Tackling the Aspartame Argument with a UConn Health Expert

Natalie Ranelli, registered dietitian in UConn Health’s Neag Comprehensive Cancer Center, weighs in on synthetic sweetener’s safety

A notepad showing the chemical diagram of the artificial sweetener aspartame next to a bowl of it.

(Adobe Stock)

While two groups within the World Health Organization are in disagreement over how safe aspartame is for human consumption, a UConn Health dietitian says it has its place in a well-balanced approach to a healthy lifestyle when taken in moderation.

Last week the WHO’s International Agency on Cancer Research reclassified aspartame into Group 2B, “possibly carcinogenic to humans.” Then WHO and the United Nations’ Food and Agriculture Organization Joint Expert Committee on Food Additives reiterated its previous position that the acceptable daily intake of aspartame translates to the equivalent of a person weight 150 pounds drinking about a dozen cans of diet soda a day.

The concurrent announcements added to the debate over chemical sweeteners that goes back decades.

Natalie Ranelli portrait
Natalie Ranelli is a registered dietitian who works with patients in the Carole and Ray Neag Comprehensive Cancer Center at UConn Health. (Tina Encarnacion/UConn Health)

So where does that leave diet soda drinkers, sugar-free gum chewers, and the like?

“Despite all the conflicting studies and guidance, this new announcement would not be reason to panic or immediately throw out your diet soda,” says Natalie Ranelli, a registered dietitian who works with patients in UConn Health’s Carole and Ray Neag Comprehensive Cancer Center. “I’d compare it to the sun. The sun may cause skin cancer, but if you are not exposed to it as much, your risk is lower.”

There’s also the notion that there are several other dietary threats to our health, and our energy is better spent on limiting our intake things like saturated fat, processed foods, sodium, and alcohol.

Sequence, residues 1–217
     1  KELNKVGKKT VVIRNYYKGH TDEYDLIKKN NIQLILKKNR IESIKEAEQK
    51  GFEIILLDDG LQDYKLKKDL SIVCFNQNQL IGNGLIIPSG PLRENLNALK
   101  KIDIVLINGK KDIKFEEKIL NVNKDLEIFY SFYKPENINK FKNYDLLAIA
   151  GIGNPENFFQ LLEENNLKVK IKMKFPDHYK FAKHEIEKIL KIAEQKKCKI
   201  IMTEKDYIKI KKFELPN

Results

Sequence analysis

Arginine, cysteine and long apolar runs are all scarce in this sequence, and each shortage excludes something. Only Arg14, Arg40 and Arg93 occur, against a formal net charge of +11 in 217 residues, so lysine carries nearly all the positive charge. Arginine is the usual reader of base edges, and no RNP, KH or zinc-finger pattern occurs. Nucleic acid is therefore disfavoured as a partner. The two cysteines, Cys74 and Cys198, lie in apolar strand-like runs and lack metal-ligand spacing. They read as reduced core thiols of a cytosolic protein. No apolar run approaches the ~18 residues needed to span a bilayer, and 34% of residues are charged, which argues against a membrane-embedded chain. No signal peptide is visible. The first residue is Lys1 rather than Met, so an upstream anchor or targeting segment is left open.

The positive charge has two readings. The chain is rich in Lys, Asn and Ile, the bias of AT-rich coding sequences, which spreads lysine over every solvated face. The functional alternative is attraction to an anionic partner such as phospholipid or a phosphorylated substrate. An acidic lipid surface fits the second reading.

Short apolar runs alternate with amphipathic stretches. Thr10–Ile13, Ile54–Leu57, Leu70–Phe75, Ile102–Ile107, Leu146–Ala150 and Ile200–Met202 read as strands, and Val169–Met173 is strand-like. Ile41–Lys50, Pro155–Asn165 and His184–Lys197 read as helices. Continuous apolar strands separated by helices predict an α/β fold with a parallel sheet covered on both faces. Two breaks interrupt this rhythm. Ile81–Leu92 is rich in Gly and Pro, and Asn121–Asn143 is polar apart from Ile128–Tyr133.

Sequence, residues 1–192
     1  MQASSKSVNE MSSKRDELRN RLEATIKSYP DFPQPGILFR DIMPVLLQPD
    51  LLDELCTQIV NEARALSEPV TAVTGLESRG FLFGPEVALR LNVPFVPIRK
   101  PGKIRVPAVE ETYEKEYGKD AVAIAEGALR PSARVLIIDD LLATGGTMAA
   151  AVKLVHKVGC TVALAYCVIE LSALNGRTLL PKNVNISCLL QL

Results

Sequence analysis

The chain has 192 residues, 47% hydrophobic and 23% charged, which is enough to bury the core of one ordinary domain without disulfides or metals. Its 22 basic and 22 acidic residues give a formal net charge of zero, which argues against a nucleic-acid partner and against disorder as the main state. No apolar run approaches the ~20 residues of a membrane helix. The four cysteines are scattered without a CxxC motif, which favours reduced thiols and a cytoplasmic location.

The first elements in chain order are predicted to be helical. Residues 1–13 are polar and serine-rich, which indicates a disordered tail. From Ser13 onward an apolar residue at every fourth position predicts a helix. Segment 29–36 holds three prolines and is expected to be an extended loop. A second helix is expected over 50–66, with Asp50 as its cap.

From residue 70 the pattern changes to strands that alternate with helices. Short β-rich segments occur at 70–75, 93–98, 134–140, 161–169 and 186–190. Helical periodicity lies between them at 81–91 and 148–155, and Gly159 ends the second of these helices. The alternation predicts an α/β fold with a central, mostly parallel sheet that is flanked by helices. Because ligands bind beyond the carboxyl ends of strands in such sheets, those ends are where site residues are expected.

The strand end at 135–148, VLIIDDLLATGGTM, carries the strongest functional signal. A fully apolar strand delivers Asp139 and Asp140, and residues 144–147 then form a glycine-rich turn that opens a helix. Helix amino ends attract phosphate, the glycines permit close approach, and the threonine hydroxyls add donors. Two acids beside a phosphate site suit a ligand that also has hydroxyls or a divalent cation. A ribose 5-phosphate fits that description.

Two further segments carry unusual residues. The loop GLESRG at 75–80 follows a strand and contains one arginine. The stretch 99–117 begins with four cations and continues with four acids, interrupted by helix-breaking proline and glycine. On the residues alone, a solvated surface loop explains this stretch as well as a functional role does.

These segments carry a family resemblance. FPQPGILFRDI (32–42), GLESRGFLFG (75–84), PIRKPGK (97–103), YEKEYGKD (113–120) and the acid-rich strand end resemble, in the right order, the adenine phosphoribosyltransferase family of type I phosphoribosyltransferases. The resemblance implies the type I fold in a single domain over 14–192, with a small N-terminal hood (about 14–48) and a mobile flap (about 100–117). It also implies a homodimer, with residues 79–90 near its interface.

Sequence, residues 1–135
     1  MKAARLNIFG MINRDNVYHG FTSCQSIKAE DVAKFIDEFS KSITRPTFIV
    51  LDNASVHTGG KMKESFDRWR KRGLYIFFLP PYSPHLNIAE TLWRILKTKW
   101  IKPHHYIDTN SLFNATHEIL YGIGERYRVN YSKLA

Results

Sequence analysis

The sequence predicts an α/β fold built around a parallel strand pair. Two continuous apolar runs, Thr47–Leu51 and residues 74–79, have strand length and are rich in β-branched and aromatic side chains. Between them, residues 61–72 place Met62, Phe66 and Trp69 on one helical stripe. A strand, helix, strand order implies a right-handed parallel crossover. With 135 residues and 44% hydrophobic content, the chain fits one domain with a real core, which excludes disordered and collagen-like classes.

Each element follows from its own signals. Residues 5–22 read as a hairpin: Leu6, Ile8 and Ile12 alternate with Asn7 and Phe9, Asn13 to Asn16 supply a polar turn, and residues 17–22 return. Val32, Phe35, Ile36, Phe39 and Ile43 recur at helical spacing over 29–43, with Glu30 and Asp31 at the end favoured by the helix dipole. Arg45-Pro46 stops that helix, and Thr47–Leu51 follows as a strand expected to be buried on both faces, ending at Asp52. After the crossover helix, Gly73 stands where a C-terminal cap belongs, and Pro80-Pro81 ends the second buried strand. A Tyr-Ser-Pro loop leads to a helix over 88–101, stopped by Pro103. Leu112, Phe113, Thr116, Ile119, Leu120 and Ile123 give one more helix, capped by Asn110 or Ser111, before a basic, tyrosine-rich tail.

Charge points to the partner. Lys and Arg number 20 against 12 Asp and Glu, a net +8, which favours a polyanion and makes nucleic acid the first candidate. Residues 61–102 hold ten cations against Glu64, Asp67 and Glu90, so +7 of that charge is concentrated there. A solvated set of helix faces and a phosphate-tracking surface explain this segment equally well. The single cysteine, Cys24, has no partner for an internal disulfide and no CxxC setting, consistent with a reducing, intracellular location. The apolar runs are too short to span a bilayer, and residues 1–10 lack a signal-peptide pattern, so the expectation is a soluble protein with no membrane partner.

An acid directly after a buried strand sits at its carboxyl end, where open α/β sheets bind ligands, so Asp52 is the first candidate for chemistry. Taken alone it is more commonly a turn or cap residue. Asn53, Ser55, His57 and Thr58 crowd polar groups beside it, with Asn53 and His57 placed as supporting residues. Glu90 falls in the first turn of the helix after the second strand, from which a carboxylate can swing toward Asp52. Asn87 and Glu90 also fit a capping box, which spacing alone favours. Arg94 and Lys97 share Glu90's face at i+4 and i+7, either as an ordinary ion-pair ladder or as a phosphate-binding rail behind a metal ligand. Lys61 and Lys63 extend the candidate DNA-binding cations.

“Aspartame is a much smaller portion of a person’s diet, while sugar, fat, sodium, and alcohol, etc., tend to make up larger portions of the diet and can have potentially more negative health outcomes,” Ranelli says. “There is research showing stronger associations with some of those factors and cancer or other comorbid conditions overall.”

The IARC’s 2B classification generally applies when there is either limited, but not convincing, evidence for cancer in humans, or convincing evidence for cancer in experimental animals, according to the WHO. Those on both sides of the debate agree more study is needed.

Ranelli points out that the 2B category also includes things like aloe vera, pickled vegetables, and nickel.

Her takeaway is, when it comes to weighing the risks of sugar and artificial sweeteners, it doesn’t always have to be one or the other.

“It definitely is a common yet difficult dilemma,” Ranelli says. “I believe everything can be part of a balanced, healthy diet — ‘balanced’ being key. ‘Diet’ foods using artificial sweeteners can definitely be beneficial for diabetics or individuals tracking calories. I think portion control of both these foods is the best practice; sometimes having less of the ‘real’ thing can be more satisfying than eating a large portion of ‘diet’ food. So it’s just about finding the right balance for the individual.”


Learn more about nutrition services in the Carole and Ray Neag Comprehensive Cancer Center.